Don’t worry, we have boring meetings too! But we try to stay focused and lively. I’m an anti-meeting person, and an anti-PowerPoint person, which I believe gives people a better opportunity to articulate ideas and be proactive. Honestly, I’d rather our staff be out on a run hatching a great idea than sitting in a meeting, crumpled and listless. At least that’s where I get MY ideas.
4) Oiselle has acted as a catalyst for an entire shift in how elite runners are now earning sponsorships and how they’re able to make a living doing what they love. Can you speak a bit on when you started thinking about integrating sponsorships into your brand, how you were able to progress that sector, and what you’re doing to break new ground?
Pro runners are the best at what they do. The heroes of our sport! But our industry often treats them like disposable pawn pieces. And then for women, it’s even more problematic, as they attempt to become moms and still continue their careers. Most contracts are not written to enable the athlete to thrive and succeed. There’s plenty of reward if you’re a machine or a monk, but less if you’re human. We believe and invest in runners who also want to be human…as in committed and fierce but also culpable to injury – or simply a change in life direction. This shouldn’t be a revolutionary approach, but sadly, it’s not common to have that approach via the typical contract. I want to get bigger so we can do more.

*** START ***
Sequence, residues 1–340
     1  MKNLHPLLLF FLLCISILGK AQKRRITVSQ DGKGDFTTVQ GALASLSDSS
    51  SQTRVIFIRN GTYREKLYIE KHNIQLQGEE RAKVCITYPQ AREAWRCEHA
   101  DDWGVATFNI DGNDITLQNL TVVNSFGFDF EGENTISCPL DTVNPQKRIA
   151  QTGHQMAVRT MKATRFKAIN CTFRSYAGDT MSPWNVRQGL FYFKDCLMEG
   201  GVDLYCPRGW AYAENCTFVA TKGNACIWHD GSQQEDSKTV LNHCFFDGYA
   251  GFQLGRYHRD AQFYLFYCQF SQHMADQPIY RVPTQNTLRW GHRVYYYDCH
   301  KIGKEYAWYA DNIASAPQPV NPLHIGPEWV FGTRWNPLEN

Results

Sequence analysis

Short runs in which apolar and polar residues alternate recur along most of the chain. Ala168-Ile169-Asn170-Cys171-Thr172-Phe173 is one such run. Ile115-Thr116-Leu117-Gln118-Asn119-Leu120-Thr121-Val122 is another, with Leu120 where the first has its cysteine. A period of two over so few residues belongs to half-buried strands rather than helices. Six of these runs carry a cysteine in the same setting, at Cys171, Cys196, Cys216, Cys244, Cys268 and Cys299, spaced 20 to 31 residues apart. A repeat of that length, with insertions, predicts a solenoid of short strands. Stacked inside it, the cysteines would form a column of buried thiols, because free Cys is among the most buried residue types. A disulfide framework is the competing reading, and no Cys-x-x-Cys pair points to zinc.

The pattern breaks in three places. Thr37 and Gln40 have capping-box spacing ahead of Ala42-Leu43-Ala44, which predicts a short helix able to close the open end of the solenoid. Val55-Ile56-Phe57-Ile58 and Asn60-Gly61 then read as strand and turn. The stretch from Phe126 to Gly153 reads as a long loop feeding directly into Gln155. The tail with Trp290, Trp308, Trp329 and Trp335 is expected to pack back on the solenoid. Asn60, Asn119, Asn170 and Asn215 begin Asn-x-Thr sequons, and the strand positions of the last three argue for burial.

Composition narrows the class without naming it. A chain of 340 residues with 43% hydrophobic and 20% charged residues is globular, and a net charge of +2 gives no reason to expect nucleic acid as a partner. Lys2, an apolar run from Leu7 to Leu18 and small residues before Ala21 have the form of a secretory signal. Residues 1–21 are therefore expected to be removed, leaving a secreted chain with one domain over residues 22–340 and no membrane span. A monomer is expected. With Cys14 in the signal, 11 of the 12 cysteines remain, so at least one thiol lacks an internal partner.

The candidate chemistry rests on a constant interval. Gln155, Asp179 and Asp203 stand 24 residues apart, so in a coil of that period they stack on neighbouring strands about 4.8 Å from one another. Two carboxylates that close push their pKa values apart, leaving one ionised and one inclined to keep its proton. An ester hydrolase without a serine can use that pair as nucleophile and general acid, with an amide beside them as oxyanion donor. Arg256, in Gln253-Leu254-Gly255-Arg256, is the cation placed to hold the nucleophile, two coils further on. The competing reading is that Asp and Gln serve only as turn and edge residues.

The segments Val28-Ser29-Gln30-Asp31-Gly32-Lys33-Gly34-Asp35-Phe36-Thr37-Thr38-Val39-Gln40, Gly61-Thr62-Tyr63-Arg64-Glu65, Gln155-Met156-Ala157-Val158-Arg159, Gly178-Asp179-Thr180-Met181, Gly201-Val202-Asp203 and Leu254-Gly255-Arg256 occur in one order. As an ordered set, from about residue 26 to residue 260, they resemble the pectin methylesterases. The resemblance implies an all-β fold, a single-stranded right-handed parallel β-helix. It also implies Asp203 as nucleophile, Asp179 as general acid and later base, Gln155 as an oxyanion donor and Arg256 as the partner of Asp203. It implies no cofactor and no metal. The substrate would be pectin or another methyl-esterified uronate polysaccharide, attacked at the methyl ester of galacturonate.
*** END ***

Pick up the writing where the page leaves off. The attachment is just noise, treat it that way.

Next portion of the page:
5) Kate Grace and Lauren Fleshman were two big Oiselle pioneers for the elite level, today that’s blossomed into the Little Wing training group, many more emerging athletes, and Kara Goucher recently joined you. What’s it like now with so many elite Birds and what role are they playing in inspiring new fashions and designs?
A dream come true, pure and simple. These women are not only my heroes and inspirations, for how I want to live, and the clothes I want to design, but also friends. The friendships are what I didn’t quite anticipate, and which I value the most. Their intelligence, humor, talent, and kindness are truly remarkable. What’s it like? A product development utopia.
6) Keeping with the community, you’ve just introduced the Oiselle Flock. Tell us a little more about this new team and what are your goals are in terms of expansion there?